Author: David Booth
Spring has sprung, the grass is riz, I wonder where the new motorcycles is. Sunshine, clear skies and twisty roads. Spring time is happy time for motorcyclists and nothing makes a biker happier than a new set of wheels. We look at the hottest five new motorcycles in dealerships this spring.
2018 Husqvarna Vitpilen 701
"This is not the bike Steve McQueen rode," says Maxime Thouvenin, the new Vitpilen's designer. "It's the bike he would have wanted to ride." And with that pithy comment did Husqvarna separate the Vitpilen from the rest of the resto-rods sweeping the motorcycling industry.
The Vitpilen 701 may be the savior of the forgotten mid-displacement sportbike segment, its light weight bolstered by one very powerful single-cylinder engine. The 693-cc KTM-sourced single pumps out 75 horsepower, which may not seem like much compared with 120-hp 600-cc fours, but it only has to motivate 346 pounds.
Handling, as one might suspect from the aforementioned light weight, is lively. Look into a corner and the Vitpilen fairly anticipates your desire to clip apex. When a motorcycle is this light, all manner of ills can be forgiven.
Not that the Vitpilen 701($11,999) has many faults. It rides on premium WP suspension, stops sharpish thanks to Brembo brakes and features too-cool-for-school digital instrumentation. The Vitpilen was the hit of the motorcycle show circuit and, for once, substance matches style.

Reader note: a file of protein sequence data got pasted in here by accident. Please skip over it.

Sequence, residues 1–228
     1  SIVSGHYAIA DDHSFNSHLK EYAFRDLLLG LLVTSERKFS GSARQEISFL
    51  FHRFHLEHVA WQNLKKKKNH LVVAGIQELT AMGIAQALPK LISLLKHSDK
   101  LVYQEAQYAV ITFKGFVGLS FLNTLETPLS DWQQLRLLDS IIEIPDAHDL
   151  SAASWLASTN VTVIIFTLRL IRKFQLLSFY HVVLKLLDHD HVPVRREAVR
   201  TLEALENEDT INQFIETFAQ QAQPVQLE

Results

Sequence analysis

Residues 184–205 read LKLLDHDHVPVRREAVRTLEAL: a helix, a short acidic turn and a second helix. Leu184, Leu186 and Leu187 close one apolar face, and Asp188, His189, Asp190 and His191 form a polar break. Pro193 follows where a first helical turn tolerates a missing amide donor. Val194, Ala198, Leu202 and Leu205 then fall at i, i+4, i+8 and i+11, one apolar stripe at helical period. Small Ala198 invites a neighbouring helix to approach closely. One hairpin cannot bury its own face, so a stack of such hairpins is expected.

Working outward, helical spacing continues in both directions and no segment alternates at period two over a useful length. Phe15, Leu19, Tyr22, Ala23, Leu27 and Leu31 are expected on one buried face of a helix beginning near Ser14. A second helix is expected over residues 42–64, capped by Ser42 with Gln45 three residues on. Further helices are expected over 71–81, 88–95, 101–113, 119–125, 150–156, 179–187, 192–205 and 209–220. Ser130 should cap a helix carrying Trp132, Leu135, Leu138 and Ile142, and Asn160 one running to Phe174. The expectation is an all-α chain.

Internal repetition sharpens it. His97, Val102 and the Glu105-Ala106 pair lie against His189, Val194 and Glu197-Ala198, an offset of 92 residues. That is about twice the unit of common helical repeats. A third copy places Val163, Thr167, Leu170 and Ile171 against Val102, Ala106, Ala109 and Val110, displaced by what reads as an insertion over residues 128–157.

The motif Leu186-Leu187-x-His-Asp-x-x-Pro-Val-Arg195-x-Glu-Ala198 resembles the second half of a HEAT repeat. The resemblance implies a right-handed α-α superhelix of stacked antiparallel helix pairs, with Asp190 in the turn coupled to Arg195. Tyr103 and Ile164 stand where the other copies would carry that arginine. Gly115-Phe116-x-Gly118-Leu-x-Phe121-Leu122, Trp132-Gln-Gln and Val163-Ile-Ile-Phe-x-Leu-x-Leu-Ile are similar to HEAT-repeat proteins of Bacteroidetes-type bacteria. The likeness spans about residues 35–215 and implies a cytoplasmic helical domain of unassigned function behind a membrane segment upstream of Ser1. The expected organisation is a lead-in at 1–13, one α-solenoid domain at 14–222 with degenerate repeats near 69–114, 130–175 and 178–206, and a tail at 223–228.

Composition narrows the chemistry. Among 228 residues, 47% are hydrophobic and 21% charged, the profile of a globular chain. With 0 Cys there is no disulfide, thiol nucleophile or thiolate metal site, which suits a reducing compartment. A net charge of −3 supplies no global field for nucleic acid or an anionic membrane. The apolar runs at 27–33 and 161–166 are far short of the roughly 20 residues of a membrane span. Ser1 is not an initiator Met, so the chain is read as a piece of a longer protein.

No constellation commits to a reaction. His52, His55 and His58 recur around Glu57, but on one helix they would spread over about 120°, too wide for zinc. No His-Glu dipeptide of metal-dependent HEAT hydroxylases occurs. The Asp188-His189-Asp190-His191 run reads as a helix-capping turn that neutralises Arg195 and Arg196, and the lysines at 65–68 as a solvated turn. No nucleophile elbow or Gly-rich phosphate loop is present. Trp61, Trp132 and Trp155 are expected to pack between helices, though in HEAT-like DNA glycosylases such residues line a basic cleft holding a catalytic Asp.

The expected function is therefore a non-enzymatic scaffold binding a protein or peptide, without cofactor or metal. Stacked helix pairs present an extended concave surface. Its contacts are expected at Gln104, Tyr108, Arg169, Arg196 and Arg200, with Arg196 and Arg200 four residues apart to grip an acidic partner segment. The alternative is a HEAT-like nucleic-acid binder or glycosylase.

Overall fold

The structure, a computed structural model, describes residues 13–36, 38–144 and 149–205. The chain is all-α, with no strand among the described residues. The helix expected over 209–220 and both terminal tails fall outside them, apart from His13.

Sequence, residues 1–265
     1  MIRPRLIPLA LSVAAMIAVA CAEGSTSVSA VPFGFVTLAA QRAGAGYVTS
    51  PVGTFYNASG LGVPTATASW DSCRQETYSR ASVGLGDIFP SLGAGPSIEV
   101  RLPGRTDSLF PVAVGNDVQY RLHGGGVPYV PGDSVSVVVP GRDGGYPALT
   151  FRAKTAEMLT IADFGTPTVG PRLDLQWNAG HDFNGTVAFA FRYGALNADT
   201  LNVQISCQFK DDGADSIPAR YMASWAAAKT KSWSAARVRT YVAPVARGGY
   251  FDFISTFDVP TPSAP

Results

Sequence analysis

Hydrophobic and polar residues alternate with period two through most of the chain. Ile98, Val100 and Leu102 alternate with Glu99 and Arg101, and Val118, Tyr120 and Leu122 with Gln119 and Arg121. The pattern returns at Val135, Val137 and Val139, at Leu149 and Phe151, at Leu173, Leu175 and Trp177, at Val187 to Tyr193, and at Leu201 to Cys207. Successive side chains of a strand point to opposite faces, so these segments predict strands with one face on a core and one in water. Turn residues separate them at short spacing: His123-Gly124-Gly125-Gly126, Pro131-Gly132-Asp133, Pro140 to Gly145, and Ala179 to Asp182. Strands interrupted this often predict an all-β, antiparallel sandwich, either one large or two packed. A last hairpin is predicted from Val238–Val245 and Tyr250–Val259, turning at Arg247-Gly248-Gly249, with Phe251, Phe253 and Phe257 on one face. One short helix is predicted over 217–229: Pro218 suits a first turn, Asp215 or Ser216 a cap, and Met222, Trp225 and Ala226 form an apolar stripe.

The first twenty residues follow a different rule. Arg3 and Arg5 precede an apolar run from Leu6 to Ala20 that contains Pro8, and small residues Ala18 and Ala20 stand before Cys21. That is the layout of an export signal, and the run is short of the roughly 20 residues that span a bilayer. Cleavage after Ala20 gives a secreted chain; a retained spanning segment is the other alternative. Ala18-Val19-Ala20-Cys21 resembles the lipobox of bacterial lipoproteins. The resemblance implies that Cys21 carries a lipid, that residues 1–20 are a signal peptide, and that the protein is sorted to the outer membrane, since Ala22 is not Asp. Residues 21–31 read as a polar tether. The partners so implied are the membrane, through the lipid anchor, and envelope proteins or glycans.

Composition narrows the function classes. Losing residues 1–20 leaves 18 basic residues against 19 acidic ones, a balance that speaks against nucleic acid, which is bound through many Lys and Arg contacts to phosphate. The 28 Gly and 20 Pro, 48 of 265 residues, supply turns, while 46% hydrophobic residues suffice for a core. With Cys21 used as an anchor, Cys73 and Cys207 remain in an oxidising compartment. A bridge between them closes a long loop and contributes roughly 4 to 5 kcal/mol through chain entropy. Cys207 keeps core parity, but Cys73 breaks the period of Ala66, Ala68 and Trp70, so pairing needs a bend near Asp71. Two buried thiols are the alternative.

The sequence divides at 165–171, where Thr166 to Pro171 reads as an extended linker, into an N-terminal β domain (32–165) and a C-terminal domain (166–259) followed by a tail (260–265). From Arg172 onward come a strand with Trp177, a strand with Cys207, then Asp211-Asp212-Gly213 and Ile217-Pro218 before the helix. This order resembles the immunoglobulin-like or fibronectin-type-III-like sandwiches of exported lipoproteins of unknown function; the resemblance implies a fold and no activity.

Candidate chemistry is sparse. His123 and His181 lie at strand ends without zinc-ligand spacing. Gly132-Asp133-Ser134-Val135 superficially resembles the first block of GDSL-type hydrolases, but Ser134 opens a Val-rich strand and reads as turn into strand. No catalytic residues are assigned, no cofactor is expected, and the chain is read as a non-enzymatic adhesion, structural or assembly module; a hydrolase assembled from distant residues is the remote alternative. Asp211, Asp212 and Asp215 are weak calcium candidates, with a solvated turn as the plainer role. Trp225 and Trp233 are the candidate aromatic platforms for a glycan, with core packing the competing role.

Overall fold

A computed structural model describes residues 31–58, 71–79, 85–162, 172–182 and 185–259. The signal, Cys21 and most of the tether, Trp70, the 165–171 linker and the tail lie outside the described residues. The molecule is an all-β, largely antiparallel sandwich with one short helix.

2018 Ducati Scrambler 110
This one was a no-brainer, Ducati's Scrambler already being the volume player in Ducati's lineup. With 46,000 Scramblers sold since January of 2015, this new 1100 version was as inevitable as rain in Spain.
Essentially, what Ducati has done is resurrect its 1079-cc, air-cooled V-twin, upgraded its emissions-reduction hardware and plopped it into an only slightly modified Scrambler chassis. Yes, it is one of Ducati's older V-twins, but it still packs 86 hp and it only has to motivate 211 kilograms.
Thanks to some serious chassis upgrades, the 1100 handles more gracefully as well. A new upper "trellis" subframe helps extend the 1100's wheelbase to a rangy 59.6 inches. A 45-mm upside-down Marzocchi front fork sports 150-mm of travel, as does the rear, direct-acting Kayaba monoshock.
The most important aspect of the new 1100 (base price, $12,995), however, is that, like its smaller siblings, it is imminently customizable with a plethora of custom parts available from Ducati. For Scrambler owners, the stock bike is but the blank canvas onto which they stamp their own personality.
2018 BMW F750/850 GS
While it is the big R1200 GS that garners the most adventure-touring accolades for BMW, the brand-new F850 version of Bayerische Motoren Werke's Gel
Published May 11th, 2018
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